Fakhoury return to Lebanon sparks memory of leftist resistance
The arrival of Israeli collaborator Amer al-Fakhoury on September 13 and his subsequent arrest and interrogation by the General Security sparked national controversy and anger towards Lebanese authorities.
In a protest which took place in South Lebanon two days after Fakhoury's arrest, posters saying "the Butcher of Khiyam" were distributed in opposition to what several demonstrators considered "soft treatment".
The Khiyam Prison, in which Fakhoury was an officer until 1998, was utilised by the Israel-backed South Lebanon Army (SLA) and surrogate militias to detain and torture militants and opponents of the Israeli occupation.
Since 2000, the year in which Israeli occupation forces were pushed out of South Lebanon, a heated multi-dimensional conversation about the fate of collaborators and the nature of resistance has arisen from time to time with relevant controversies.
The past week has witnessed a conversation which took place ranging from discussing definitions of 'treason' and 'resistance' to reminiscing the role of the secular Left in confronting the Israeli occupation of Lebanon.
A political manoeuvre?
While many demand that these militants receive the punishment stated in the law which has provided a mechanism to deal with collaborators residing outside of the country, some leading political forces in the country are said to have different considerations.
On that basis, many local journalists and figures have accused the Free Patriotic Movement, the controversial de-facto ruling right-wing party of President Michel Aoun and Foreign Minister Gebran Bassil, of facilitating the return of Fakhoury on Lebanese soil.
Much attention was directed at the silence of Shia Islamist militant group Hezbollah, which has yet to release an official statement.
Although the group has a prolonged history of military confrontations with Israel in the South, it is currently a major ally of the Free Patriotic Movement and an important force behind Aoun's presidency.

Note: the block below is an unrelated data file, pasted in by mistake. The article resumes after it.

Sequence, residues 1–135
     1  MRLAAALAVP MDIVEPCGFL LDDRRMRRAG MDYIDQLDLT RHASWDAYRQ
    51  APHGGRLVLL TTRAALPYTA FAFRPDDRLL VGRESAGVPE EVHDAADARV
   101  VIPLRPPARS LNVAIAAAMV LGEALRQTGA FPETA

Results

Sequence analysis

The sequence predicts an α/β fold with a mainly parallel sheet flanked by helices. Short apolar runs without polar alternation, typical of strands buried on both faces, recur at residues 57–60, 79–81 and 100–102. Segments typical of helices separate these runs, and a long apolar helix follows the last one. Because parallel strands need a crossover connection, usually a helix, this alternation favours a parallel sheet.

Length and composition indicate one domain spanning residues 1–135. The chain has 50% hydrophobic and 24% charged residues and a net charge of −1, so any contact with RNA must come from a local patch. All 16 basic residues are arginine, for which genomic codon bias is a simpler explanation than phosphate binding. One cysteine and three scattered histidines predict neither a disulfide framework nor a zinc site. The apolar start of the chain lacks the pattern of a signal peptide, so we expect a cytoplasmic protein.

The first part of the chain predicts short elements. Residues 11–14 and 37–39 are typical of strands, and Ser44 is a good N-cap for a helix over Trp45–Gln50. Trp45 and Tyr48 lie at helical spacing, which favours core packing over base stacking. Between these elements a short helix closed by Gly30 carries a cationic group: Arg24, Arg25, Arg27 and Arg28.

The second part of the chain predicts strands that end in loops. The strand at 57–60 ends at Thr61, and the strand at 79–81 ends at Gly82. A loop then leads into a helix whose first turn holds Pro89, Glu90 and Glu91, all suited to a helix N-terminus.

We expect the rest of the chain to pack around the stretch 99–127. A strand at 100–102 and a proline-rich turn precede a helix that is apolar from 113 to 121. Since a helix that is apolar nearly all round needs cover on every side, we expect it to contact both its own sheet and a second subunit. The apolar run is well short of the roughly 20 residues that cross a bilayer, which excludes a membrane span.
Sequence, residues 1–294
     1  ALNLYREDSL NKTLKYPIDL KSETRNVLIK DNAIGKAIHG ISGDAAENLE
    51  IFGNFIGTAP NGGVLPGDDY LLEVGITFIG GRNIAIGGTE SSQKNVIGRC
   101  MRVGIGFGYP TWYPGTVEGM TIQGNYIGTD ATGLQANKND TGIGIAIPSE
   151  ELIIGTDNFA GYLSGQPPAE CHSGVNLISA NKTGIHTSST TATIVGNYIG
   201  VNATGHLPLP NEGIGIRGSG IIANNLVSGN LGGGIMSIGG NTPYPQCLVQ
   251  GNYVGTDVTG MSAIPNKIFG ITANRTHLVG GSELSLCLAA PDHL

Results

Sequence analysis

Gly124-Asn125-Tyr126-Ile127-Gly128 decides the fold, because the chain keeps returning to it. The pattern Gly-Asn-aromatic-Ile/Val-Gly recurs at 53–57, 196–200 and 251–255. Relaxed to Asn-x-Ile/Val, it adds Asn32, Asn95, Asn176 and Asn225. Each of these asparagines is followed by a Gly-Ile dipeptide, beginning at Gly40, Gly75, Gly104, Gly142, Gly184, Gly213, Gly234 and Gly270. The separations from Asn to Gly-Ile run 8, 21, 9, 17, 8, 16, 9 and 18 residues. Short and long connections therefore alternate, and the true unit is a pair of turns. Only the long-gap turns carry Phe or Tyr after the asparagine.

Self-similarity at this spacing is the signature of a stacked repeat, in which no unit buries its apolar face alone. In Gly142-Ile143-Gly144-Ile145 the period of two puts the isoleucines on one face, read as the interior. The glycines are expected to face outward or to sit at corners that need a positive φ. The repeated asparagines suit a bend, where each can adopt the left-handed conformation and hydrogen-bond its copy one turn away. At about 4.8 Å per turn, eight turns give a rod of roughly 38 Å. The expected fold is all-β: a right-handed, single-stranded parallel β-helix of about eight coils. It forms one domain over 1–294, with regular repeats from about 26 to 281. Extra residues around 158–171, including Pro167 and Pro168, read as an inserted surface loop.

The Memorial of Understanding between the Free Patriotic Movement and Hezbollah states that "both sides are convinced that the presence of Lebanese citizens in their homeland is better than their presence in enemy territory."
A victim's response
On September 15, statements made by former leftist militant and Khiyam prisoner Soha Bechara condemned the facilitation of Fakhoury's arrival to Lebanon.
A former member of the Lebanese Communist Party during the Israeli invasion of Lebanon in 1982, she abandoned her college education to take part in resisting the occupation of Southern Lebanon after 1985.
Bechara was arrested in 1988 after attempting to assassinate SLA head Antoine Lahad in his house in the South. She was later moved to Khiyam imprison in which she suffered solitary confinement and electric shock therapy, measures she described in her autobiography.
Bechara emphasised that certain political considerations in Lebanon have protected the arrival of Israeli agents such as Fakhoury; "he was previously sentenced for 15 years. With time, they considered that these charges no longer apply," she said in an interview with LBCI.
A day later, Bechara explicitly held Foreign Minister Gebran Bassil and the Free Patriotic Movement responsible for the past events. "As long as Gebran Bassil is in power and in the Foreign Ministry as a representative of the Free Patriotic Movement, he must hold responsibility for the entrance of an Israeli agent on Lebanese soil," she stressed.